I doubt that many of you will be traveling to and fishing the Smokies to fish this month although I
hope you do.  January and the first part of February are probably the coldest times of the year and
you will have to pick out the better days to expect much success fishing the freestone streams.
By the end of February, everyone will be doing their best to force the bugs to hatch and the trout to
respond even though they will probably have to wait a few more days to see any surface action.
That considered, I thought I would write about some fishing trips we have made to various other
destinations. Don't expect these articles to win any awards, just tell you about some things I
hope you will find interesting and a few that I look back on with a gleam in my eye.

Fly Fishing South Central Pennsylvania's Limestone Streams

Yesterday I wrote about one of the famous limestone streams in the South Central
area of Pennsylvania - Big Springs Creek. There are many others, so today, I will
mention some of the others that Angie and I have fished. I-81 is fairly close to most
of the streams. Of course you have to travel through the state of Virginia and a
short piece of Maryland from the Smokies to get there but it is only about a days

Near Chambersburg, Pennsylvania, you will find
"Falling Spring", a limestone
stream that is about 7 miles long and never much wider than 20 feet. This little
stream has water that is about 46 degrees on the coldest days of winter. Some of
the stream is on private property. Over 2 miles of it is designated Heritage "wild
trout" waters. It has some large stream-bred wild rainbow trout but we were not able
to catch any of them the day we spent on the stream. We did catch a few smaller
rainbows. I'm fairly certain that the fishing could be well worth while especially if a
mayfly hatch was occurring but the September day we fished the stream we saw no

"Letort Spring Run", one of the Top 100 streams in Trout Unlimited's book, is
located smack in the middle of Carlisle, Pennsylvania. It is just off I-81 which in fact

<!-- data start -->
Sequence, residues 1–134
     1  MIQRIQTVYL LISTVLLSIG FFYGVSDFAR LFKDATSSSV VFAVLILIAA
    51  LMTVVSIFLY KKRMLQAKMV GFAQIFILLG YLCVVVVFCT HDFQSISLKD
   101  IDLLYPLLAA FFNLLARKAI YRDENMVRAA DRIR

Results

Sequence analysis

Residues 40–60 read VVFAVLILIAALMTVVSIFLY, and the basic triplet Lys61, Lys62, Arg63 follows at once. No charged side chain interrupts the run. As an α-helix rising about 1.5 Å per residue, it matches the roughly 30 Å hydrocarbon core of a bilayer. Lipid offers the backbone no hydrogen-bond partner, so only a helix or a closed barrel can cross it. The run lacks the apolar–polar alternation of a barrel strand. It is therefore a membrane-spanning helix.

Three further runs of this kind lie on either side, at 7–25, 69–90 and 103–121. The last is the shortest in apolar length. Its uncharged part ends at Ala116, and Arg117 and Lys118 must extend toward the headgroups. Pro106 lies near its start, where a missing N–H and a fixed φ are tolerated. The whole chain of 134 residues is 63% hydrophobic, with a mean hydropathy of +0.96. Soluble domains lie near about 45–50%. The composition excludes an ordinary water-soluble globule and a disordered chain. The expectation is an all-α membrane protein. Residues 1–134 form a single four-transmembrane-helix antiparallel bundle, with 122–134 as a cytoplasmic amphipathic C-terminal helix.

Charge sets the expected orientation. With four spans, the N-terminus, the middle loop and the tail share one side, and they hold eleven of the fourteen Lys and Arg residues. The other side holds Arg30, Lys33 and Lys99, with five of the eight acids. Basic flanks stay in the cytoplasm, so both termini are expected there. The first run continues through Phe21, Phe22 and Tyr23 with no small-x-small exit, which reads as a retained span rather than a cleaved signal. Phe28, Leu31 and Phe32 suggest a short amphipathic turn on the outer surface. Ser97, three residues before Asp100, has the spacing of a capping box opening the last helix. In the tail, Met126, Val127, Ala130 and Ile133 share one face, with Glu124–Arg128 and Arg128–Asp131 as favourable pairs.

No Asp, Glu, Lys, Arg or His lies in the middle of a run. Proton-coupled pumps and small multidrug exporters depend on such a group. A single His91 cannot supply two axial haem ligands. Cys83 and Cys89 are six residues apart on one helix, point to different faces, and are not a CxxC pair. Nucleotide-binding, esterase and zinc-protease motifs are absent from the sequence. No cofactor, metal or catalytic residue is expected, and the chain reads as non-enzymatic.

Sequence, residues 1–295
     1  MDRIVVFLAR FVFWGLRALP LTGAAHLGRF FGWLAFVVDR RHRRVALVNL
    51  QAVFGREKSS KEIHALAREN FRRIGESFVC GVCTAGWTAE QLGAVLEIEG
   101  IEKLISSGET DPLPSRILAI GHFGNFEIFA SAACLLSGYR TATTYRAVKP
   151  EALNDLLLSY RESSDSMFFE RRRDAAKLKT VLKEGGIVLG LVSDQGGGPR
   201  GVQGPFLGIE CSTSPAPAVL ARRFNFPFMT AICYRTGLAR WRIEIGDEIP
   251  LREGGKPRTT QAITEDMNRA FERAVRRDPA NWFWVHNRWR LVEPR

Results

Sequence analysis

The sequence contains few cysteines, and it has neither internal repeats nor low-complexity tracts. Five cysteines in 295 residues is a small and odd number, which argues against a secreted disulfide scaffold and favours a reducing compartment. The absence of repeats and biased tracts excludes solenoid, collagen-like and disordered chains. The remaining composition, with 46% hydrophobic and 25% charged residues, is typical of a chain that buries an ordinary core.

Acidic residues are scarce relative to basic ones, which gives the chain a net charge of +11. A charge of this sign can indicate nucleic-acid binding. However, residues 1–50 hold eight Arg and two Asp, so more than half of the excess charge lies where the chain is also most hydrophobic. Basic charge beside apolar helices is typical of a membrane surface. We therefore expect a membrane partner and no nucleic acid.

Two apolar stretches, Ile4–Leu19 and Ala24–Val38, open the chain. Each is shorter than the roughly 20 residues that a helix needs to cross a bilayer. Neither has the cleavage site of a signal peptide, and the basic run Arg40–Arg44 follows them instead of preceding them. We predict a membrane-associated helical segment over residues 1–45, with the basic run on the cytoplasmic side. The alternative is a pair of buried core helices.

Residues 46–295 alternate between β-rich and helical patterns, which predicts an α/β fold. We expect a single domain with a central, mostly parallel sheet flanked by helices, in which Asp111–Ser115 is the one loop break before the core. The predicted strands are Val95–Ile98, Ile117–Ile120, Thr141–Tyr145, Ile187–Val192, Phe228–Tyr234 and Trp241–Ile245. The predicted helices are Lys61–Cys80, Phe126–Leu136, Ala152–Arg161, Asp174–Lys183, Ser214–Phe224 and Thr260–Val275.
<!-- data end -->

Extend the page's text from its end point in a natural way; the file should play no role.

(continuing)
crosses the stream at one point. There is a mile and a half stretch of this beautiful
little spring creek that is designated "Wild Trout" water. There are places it reaches
close to 40 feet in width but most of the stream seems to be closer to 20 feet or less
Angie and I have fished this stream several times during the past few years. Most of
the time we didn't catch the first trout but, most of those times we spent only a short
time trying. The two days that we have devoted most of our time on the stream, we
did manage to catch a few brown trout but all but one (about 16 inches) was less
than 12 inches long.   This stream suffered a fish kill at one time and trout were
replanted in one area of the stream at one time. It is full of aquatic vegetation,
especially in its upper sections. It is also full of cress bugs which probably
represents a big part of the trout's diet. Although it is famous for terrestrial insects,
we have seen very few even during the prime season for them. That said, the trout
that we did catch came on beetles and hopper flies fished very late in the day not
long before dark. That seems to be the most productive time and way to fish this
stream at least during the summer and early fall season. All in all, we feel like this
stream is very overrated. We could be wrong.

There are more limestone streams in this section of the state that we have fished
and we will continue with them tomorrow. They are Green Springs and Middle
Springs Creeks or Runs, We will also

Copyright 2008 James Marsh
...The Perfect Fly Store